From the early days of America's colonies, thousands of enslaved African laborers helped launch and sustain South Carolina's commercial rice industry. Despite their ingenuity, and their role in helping Southern planters become rich, they have remained largely forgotten.
But inspired by traditional African music and African-American folk music, Unburied, Unmourned, Unmarked
— a work for string orchestra — honors those exploited and brutalized on rice plantations in lowcountry South Carolina and Georgia. The piece will eventually become Requiem for Rice,
a full-length dramatic work for voices and full orchestra that is a modern African/African-American take on Verdi's Requiem
Tonight's free preview staging of Unburied, Unmourned, Unmarked
arrives one month before it premieres at the Colour of Music Festival in Charleston, S.C. Afterward, audience members are encouraged to participate in a discussion of the developing score with composer, Trevor Weston, and librettist, Edda L. Fields-Black.
Weston (pictured at lower right) is an associate professor of music at Drew University in Madison, N.J. Fields-Black (lower left) is faculty advisor for Carnegie Mellon's African and African American Studies program and teaches African history from the early pre-colonial to neo-colonial period, and slavery and freedom in Africa and the New World.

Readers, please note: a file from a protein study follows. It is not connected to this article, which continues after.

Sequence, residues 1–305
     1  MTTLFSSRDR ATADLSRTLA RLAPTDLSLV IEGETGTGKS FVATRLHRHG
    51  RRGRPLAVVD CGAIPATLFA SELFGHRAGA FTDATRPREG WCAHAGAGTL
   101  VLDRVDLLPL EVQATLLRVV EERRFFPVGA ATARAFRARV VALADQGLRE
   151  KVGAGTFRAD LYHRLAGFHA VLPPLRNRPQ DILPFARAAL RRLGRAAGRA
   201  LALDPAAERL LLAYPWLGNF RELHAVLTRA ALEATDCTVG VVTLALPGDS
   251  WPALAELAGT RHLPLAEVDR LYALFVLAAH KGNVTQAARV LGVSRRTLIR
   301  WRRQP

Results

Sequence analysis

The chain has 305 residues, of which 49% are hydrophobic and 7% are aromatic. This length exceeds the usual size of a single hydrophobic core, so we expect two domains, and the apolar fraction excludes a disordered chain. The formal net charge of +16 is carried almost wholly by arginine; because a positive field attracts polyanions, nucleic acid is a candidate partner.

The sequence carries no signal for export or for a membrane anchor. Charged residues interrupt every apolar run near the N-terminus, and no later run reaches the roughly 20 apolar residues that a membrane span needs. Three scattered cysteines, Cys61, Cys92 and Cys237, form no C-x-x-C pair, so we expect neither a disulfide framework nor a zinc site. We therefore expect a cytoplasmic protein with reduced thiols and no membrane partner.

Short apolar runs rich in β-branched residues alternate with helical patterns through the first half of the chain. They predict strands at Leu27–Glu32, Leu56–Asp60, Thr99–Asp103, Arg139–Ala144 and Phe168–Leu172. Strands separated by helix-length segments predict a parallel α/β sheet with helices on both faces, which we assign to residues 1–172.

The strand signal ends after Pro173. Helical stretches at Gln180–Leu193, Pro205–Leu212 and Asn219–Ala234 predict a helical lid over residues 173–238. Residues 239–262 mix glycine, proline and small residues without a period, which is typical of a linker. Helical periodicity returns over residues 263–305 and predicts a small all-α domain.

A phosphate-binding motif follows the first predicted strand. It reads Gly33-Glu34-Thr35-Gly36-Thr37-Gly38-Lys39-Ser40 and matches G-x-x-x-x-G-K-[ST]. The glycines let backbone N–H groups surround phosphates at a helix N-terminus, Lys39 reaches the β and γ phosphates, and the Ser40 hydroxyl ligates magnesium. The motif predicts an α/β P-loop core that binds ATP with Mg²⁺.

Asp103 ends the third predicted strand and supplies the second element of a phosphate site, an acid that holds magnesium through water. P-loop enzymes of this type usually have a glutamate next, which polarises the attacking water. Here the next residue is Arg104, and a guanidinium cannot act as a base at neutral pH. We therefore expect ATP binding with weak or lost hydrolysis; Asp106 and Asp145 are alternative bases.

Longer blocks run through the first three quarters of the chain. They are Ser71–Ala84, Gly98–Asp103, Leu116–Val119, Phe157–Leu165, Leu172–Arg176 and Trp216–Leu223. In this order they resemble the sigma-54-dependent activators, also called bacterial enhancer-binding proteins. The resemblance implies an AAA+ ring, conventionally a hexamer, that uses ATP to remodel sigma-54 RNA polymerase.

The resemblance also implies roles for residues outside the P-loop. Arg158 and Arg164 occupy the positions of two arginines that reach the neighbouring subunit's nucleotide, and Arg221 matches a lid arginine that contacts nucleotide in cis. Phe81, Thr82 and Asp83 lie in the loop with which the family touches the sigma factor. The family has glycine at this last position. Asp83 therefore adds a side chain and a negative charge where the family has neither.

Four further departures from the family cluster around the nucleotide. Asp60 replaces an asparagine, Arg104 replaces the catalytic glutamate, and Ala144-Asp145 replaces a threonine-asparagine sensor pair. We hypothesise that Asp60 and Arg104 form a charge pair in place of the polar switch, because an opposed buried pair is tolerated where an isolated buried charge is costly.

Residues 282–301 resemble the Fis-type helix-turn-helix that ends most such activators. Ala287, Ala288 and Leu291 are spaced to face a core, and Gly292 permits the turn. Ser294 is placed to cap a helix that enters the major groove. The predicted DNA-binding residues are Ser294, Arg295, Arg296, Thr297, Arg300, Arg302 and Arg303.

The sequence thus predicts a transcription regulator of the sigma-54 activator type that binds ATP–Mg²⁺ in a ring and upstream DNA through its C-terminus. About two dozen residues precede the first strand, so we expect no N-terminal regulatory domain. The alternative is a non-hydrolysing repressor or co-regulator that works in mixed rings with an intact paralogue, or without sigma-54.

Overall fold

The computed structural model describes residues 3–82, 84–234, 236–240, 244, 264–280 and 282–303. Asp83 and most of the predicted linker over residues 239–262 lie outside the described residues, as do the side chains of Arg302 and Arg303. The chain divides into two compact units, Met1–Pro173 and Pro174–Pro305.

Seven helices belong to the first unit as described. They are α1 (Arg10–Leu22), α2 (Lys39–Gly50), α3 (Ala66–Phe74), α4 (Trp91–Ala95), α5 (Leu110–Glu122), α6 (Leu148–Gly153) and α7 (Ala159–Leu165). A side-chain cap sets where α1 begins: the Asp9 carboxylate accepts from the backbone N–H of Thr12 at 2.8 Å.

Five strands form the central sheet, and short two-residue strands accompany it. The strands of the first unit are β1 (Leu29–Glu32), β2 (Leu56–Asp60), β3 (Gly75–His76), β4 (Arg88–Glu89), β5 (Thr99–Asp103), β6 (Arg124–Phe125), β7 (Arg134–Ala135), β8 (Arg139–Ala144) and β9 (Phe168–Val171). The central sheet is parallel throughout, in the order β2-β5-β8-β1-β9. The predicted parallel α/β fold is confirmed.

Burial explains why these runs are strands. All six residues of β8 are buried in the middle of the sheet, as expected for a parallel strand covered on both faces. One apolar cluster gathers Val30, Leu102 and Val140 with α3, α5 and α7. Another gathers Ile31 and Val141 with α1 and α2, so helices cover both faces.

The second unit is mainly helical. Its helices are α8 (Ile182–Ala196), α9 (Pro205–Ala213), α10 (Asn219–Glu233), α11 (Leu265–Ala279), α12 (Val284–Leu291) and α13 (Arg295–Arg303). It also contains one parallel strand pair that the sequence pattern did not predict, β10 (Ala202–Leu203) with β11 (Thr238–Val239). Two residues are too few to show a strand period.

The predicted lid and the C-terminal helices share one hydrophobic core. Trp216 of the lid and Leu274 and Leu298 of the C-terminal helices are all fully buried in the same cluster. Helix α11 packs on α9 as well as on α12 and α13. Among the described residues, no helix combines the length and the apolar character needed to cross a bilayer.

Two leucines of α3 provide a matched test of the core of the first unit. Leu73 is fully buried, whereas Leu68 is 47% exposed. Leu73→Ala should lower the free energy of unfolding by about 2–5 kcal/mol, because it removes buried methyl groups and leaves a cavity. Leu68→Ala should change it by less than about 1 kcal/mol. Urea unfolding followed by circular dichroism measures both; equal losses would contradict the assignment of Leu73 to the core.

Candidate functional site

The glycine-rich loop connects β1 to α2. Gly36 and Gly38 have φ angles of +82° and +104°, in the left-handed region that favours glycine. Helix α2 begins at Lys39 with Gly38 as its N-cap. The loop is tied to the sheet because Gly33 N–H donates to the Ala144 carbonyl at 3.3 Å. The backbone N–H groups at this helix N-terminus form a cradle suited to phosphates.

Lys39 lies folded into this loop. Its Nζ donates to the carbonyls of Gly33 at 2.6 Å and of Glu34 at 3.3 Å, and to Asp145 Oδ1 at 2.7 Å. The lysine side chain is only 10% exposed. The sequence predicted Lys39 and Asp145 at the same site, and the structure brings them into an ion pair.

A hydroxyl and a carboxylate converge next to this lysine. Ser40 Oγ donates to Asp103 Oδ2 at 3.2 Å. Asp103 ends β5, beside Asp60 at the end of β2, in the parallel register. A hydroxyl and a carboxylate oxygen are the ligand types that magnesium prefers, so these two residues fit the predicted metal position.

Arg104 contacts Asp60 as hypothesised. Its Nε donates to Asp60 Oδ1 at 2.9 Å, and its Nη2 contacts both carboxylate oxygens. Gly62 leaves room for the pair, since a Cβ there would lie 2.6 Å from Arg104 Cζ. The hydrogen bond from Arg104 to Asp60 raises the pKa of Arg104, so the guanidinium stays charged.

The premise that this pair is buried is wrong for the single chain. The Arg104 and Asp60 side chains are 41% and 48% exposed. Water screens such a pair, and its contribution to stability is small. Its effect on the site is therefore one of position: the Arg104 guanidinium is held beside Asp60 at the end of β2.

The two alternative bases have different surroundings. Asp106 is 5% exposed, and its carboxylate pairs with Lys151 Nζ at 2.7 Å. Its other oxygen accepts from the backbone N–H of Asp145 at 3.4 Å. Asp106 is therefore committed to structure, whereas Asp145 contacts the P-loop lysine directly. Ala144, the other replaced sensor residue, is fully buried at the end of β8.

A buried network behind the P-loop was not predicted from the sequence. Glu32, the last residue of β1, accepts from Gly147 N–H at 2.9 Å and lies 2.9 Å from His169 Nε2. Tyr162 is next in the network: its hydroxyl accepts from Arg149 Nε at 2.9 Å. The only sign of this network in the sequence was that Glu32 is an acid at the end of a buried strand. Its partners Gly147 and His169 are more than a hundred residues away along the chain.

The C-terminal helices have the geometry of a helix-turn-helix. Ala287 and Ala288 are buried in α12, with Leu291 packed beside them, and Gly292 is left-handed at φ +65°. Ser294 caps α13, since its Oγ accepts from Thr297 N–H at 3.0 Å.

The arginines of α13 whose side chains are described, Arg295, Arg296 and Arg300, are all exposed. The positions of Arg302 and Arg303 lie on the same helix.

The program will be moderated by playwright and author Tameka Cage Conley (upper left), and local performer Vanessa German (upper right) will read from the libretto.
The piece was first selected as the final project in Carnegie Mellon University's Center for the Arts in Society
's Performance Initiative in 2015.
The performance starts at 7 p.m. The venue is CMU's School of Music, Mellon Institute Auditorium, 4400 Fifth Ave., in Oakland. Enter on Bellefield Avenue.
The event is free. For more information, visit www.requiemforrice.com